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Ae Marika: Floods, Kapa Haka

Ae Marika Column - Hone Harawira - Northern Advocate - Friday 18 April 2008


I went along to the flood meeting in Kawakawa last week. Very good meeting. Big crowd.

Kawakawa is on State Highway One and most of the traffic going north or south, goes through there, so naturally when Kawakawa floods, the whole of the north is affected.

So I was hugely surprised to learn that of the 26 ‘flood-priority’ areas that the Northland Regional Council is working on, Kawakawa is way down at number 20! Now, I ain’t no rocket scientist but it seems to me that when flooding in Kawakawa can have such an adverse effect on the whole of the north, the priority level would be a lot higher.

Both John Carter MP and I have written recently to the NRC to get a meeting with them and other Northland MPs to see what it is we can all do to help overcome the annual flooding which affects the north.

It’s a big job, no question, but we got to get something done and quick, and I’m as keen as anyone to lend my weight to a plan that’ll get things done.

Last Saturday, me and my mokopuna came up from Auckland to watch the senior kapahaka comps in Whangarei, and then on Wednesday I got the day off from Parliament to come up to watch the Tai Tokerau Secondary Schools Kapahaka Festival held at Okaihau College.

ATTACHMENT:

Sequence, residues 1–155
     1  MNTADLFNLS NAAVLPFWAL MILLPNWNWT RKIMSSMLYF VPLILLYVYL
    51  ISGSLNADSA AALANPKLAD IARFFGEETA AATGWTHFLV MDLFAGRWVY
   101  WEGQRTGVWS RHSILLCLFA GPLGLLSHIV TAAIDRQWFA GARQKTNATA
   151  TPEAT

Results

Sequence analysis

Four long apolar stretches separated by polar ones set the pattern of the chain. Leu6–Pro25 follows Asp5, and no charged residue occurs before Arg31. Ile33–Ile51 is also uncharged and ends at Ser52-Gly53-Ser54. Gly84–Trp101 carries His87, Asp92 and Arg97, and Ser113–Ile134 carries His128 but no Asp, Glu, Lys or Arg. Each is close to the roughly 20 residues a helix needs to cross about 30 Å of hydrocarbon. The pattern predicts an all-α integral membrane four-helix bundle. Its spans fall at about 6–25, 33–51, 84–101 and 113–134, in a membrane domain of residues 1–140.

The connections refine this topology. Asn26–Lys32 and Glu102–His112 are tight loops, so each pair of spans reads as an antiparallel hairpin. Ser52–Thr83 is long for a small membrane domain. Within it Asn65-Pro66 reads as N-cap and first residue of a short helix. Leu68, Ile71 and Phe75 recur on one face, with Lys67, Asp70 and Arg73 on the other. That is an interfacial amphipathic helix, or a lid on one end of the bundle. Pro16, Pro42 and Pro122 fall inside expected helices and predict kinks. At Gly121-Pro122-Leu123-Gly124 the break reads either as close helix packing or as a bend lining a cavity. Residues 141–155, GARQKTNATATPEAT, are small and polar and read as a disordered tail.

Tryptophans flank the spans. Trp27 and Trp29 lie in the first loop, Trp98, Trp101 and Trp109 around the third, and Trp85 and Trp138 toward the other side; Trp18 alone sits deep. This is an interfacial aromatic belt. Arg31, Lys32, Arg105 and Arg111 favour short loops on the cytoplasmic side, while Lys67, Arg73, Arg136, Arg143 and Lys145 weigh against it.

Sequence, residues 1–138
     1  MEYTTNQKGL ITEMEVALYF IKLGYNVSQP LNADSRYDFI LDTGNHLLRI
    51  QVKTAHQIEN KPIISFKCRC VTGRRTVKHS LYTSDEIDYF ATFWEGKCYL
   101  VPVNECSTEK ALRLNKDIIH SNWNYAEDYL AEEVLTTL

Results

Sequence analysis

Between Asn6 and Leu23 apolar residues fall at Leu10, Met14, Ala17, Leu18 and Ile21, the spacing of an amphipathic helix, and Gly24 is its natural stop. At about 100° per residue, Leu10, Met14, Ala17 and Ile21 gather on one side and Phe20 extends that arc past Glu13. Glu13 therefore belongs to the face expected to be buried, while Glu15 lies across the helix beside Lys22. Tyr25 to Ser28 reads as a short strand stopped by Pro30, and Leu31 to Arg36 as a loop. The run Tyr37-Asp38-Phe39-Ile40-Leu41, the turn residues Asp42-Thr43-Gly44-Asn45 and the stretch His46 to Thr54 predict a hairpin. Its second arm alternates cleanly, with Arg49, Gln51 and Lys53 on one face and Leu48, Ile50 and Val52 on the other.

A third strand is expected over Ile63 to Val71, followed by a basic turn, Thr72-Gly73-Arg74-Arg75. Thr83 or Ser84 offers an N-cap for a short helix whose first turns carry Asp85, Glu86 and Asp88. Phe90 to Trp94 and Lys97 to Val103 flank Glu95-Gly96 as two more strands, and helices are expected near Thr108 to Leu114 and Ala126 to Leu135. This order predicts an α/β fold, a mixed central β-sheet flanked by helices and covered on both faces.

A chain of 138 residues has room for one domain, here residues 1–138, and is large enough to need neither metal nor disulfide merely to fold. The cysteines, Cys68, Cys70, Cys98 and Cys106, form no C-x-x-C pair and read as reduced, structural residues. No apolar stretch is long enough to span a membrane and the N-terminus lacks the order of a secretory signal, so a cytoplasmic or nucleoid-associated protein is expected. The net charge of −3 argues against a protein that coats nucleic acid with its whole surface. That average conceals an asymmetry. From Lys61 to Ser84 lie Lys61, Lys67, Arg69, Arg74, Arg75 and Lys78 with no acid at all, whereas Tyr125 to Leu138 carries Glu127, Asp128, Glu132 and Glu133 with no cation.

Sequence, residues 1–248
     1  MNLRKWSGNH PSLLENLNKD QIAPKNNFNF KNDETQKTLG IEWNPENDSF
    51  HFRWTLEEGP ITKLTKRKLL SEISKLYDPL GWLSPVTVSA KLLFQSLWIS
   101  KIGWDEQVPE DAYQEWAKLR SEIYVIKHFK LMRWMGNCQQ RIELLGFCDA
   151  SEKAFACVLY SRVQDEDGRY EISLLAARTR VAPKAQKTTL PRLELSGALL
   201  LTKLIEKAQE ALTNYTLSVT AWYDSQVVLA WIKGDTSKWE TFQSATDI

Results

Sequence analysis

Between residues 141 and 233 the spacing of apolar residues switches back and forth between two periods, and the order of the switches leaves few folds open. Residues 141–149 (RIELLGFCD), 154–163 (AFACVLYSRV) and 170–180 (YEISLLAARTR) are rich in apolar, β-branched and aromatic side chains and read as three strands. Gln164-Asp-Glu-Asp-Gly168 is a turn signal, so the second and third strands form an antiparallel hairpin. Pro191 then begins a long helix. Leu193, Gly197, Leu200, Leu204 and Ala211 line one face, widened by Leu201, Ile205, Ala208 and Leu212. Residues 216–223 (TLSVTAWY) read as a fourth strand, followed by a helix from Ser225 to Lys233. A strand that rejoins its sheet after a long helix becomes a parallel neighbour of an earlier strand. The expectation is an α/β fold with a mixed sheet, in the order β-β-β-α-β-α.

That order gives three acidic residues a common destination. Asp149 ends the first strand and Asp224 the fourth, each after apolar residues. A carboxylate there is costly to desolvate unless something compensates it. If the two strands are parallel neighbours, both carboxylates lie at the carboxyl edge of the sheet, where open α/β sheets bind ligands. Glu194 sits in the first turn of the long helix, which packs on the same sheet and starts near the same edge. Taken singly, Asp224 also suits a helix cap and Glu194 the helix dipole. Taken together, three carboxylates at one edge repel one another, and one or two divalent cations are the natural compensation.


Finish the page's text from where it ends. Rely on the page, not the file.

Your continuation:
There’s a new group at senior level, Puu Ao, and they were awesome. Very powerful, very fresh and very clear. The other groups were great as well, particularly Hatea and Ngati Hine, but Puu Ao looked a class above. Can’t wait til Chris Henare and Sandra Waitai get round to starting a kapahaka group in Kaitaia now, because every time you go, you feel the energy and the good vibrations that you always get from these kind of events.

I got up at 5.30 in Wellington so I could spend the whole of Wednesday at the secondary school festival, but they cancelled the flight to Kerikeri so I had to grab a rental and boot it back from Auckland, and only managed to catch the last four of the 22 secondaries that took the stage.

Again, an awesome feeling. The kids were powerful and there were thousands of people there to see them strut their stuff. You feel the energy in the air when the kids take the stage, you see the different styles, the sweetness of song, the sway of the poi and the power of the haka. Great stuff. May it go on forever.


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